Of course, the outstanding achievement of Ted Heath's time at No. 10 was in January 1973, when he took Britain into the European Economic Community. It was a political and a personal triumph for Ted Heath, but it was not enough, for a country hit by a three-day week, to save his Government. Three and a half years later, after entering No. 10, he called an early general election, but was narrowly defeated. Roy Jenkins often used to say that the tragedy was that Labour lost the election in 1970, which it should have won, and won the election in 1974, which it should have lost. Certainly, Ted would have agreed with the latter.
When Ted Heath lost again in October 1974, he found himself challenged by Margaret Thatcher for the Conservative leadership, and she won. For the next 26 years, he remained on the Back Benches, a familiar sight in this place. Throughout, he never flinched from arguing for the one-nation Toryism he believed in, or from putting passionately the case for Europe. Ted was very blunt in his manner, though once you got to know
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him he was very kind. I remember that I first met him at a parliamentary reception in the mid-1980s shortly after I became a Member of this House. He said, "Are you an MP?" "Yes", I said. "Which party?" "Labour", I said. "Well, you don't look like it or sound like it", he said. [Laughter.] "What's more", he said, "as an Opposition, you're bloody useless." He then proceeded with remarkable insight to tell me exactly what we should have been doing.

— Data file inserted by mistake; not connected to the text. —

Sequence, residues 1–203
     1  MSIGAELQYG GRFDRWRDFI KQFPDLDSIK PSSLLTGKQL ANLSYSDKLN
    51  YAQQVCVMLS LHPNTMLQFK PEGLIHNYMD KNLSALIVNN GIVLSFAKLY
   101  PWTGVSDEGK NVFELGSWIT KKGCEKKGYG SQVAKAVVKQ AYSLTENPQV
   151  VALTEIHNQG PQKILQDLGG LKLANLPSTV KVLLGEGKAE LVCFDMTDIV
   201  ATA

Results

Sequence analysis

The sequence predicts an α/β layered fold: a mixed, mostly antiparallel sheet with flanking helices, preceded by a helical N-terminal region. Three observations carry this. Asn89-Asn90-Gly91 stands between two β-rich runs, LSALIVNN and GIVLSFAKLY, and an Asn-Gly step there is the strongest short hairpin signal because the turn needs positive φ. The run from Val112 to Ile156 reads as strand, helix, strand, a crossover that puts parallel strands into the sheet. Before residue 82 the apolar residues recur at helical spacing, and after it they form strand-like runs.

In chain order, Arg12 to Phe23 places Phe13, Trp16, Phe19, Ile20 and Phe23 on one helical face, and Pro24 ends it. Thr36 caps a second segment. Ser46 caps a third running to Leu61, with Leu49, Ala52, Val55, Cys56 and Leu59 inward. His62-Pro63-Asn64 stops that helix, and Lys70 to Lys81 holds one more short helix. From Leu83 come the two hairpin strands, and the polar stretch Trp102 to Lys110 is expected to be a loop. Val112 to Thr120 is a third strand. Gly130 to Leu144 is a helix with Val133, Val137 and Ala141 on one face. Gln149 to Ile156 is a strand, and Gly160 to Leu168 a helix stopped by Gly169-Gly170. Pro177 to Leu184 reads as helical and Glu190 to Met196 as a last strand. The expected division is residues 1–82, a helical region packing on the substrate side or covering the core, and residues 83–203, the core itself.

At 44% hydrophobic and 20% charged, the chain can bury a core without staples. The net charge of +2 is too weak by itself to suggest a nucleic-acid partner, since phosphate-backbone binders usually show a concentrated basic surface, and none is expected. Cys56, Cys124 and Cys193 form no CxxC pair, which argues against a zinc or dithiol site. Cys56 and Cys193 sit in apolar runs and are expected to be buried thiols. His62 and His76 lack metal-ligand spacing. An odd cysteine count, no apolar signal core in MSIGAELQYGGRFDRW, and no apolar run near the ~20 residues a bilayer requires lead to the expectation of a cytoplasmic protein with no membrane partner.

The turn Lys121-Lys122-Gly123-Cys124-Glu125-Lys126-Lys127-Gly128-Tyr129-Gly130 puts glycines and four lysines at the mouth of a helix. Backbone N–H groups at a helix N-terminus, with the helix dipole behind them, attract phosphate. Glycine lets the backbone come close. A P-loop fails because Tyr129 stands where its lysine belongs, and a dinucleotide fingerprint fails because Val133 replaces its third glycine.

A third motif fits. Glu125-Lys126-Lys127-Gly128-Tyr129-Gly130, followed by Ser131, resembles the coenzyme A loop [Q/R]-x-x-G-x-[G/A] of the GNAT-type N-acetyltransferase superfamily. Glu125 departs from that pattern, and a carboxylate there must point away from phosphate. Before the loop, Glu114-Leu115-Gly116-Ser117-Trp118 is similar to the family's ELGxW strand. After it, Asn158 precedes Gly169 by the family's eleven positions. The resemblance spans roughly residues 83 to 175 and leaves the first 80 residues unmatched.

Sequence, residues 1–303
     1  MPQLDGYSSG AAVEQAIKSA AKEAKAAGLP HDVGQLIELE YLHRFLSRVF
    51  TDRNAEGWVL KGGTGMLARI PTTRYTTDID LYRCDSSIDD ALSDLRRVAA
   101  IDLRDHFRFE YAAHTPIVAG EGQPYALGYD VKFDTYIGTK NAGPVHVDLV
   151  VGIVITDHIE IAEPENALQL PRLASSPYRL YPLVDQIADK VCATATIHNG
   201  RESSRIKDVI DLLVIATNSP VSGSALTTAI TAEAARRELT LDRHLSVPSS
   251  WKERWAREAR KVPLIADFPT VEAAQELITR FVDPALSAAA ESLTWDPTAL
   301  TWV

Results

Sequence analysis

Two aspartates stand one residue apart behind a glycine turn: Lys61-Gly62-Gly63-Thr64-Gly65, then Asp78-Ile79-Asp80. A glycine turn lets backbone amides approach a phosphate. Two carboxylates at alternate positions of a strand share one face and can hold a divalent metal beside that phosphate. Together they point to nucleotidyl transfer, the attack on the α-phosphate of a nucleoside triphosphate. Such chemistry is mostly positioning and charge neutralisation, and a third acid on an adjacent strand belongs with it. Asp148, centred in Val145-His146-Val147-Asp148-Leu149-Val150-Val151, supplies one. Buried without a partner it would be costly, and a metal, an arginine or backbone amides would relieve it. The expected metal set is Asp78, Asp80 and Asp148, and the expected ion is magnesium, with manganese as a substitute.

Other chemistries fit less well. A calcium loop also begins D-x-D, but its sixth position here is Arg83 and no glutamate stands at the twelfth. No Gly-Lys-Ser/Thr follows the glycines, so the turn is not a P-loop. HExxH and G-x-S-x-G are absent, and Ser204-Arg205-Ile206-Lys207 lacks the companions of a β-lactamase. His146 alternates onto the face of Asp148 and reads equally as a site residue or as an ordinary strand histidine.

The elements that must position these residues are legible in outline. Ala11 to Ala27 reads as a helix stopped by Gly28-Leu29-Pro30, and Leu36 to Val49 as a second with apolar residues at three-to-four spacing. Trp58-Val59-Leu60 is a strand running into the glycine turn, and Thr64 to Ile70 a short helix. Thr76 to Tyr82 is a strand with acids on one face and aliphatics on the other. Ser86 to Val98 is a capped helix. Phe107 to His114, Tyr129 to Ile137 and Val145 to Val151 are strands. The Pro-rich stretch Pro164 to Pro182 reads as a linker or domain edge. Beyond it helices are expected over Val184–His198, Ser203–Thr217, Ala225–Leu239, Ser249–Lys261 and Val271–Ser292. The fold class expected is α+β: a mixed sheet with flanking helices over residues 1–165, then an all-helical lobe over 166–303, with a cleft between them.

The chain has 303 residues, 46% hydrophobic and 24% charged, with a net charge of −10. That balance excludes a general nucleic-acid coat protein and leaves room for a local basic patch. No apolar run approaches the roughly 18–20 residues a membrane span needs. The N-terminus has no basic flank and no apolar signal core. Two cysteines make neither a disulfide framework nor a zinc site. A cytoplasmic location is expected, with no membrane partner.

His trenchant criticism of his own party leadership must have been very irritating for them. Being myself, for obvious reasons, generally disposed towards party loyalty, I was never sure about it. As those of us who can recall him know, he was magnificent; he would fill the House. I can picture him now, standing below the Gangway, often speaking without a note, with humour, incisive argument and magisterial disdain for the opposing viewswatting away anyone ill-judged enough to make a hostile intervention. To quote again his old Balliol friend Roy Jenkins, he was a